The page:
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  • Tara Perverseff

It's not all in your head, but it might be in your gut

Updated: May 29

Have you ever been told the symptoms that you have area "all in your head"? How about this: "oh, you are just tired" or "oh, that's what happens when you get older" or "you have positive markers for autoimmune disease but it doesn't really mean anything; there are millions of people that have it"? Hand up over here! What if it's not all in your head, but partly in your gut? What if things are out of balance?


I wrote in this blog post how 70-80% of your immune system is in the gut. Its influence over our health cannot be overstated and the trillions of little microbes that make up our microbiome in the gut can influence how we look, feel and think. The gut microbiome (communities of bacteria) that live in our digestive tract can influence if we feel good or bad. They can even influence if we feel anxious. Generally, we want our microbiome to be in balance and to be a beautiful, blossoming garden. Think warm sunshine, nice soil, flowers and leaves on the trees. When that garden gets out of balance and is full of weeds and hard soil that cannot absorb any moisture, this is when the problems happen.


An out of balance microbiome can lead to switching on possible disease processes in the body. These issues may seem like they have nothing to do with your gut, but I can tell you that it's very possible that they do. Gut issues can include things like leaky gut, yeast overgrowth (candida) and bacterial imbalances. If we have an overgrowth of certain bacteria, that could cause issues with everything from autoimmune disease to weight gain.


What are some things that can cause poor gut health?


Poor diet: processed foods, sugar, and gluten can impact our microbiome and cause leaky gut. Leaky gut happens when the gut lining is damaged and things like food particles and toxins leak out into the blood stream when they should not. The body recognizes that those things should not be there and can turn on an inflammatory response.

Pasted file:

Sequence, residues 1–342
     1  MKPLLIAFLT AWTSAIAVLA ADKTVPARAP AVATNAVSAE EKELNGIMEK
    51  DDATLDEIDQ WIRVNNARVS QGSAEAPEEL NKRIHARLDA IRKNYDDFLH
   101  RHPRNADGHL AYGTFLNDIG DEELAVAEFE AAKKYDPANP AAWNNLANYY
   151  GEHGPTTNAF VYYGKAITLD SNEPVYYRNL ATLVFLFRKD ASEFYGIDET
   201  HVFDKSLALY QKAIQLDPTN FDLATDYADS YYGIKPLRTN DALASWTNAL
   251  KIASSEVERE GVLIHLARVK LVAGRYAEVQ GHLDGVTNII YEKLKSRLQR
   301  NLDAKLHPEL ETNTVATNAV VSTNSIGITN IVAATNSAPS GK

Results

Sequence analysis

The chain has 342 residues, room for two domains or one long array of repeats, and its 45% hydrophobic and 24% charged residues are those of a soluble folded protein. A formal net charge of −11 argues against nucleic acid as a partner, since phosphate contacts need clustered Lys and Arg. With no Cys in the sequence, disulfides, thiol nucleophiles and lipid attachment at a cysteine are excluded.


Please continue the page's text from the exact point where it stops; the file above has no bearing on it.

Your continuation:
Antibiotics: I don't know about you, but I had strep throat as a kid more times than I can count. Sinus infections, tooth infections plus who knows what else were all treated with a lot of antibiotics. We need antibiotics, for sure, but when we take them, they destroy all of the bad AND the good bacteria. This can cause things to get out of balance and allow the bad bugs to take over. Tip: if you do take antibiotics, try taking a good quality probiotic to replenish some of the good bacteria that has been killed off by the medication.


Stress: when stress is chronic, it can impact our gut. Have you heard of the gut-brain axis? Think about butterflies in your stomach when you are nervous. Chronic stress and turmoil can impact gut inflammation and cause issues with the balance of our microbiome. Stress is one of the hidden sources of inflammation found in this free guide. I invite you to find out what the other hidden sources of inflammation are and take the inflammation quiz to see what your level of inflammation is.


Imbalanced hormones: there is no doubt that hormones can have an impact on gut health. If hormones are out of balance, it can have an impact on the gut lining.


What are some things you can do to improve your gut health?


Elimination diet: Hidden food sensitivities and intolerances play a huge role in gut health. If we are eating foods that are causing damage to our gut that in turn causes inflammation, finding out what these foods are and removing them (even for a period of time) can help. There is a very specific process of how to follow can elimination diet. Doing an elimination diet is not forever, and while the goal is to identify the foods that are causing you issues, it is also to introduce healing foods into your body.


Probiotics: A good quality probiotic can help to support gut health. Tip: look for one that is refrigerated.


L-Glutamine: I can tell you from personal experience that L-glutamine helped to support my gut health. It helps to support gut permeability (leaky gut). Food sources of L-glutamine include bone broth which is another things you can use to try improving gut health.


Eat more fiber: Eating fiber helps to build up and support good bacteria. Healthy bacterial love good fiber.


For more information, I talk about how gut health is connected to disease, what an unhealthy gut looks like, and a journey of gut healing from a Functional Medicine Certified Health Coach in this video. I talk about what I did to work on improving my gut health and what the results were. For someone with multiple autoimmune issues, it was an eye opening experience! When I went on a journey to heal my gut, I started with a lot of testing, but even in absence of that, there are things you can do to get started on improving gut health. Things like identifying food sensitivities and working on mindset are key. Reducing inflammation will help support better overall health and for me, I am focused on how I want to feel and what having good health will allow me to do! It certainly is a process and I am still working on it.


Of course, make sure to check with your physician on all of these things before starting a diet or supplement program.

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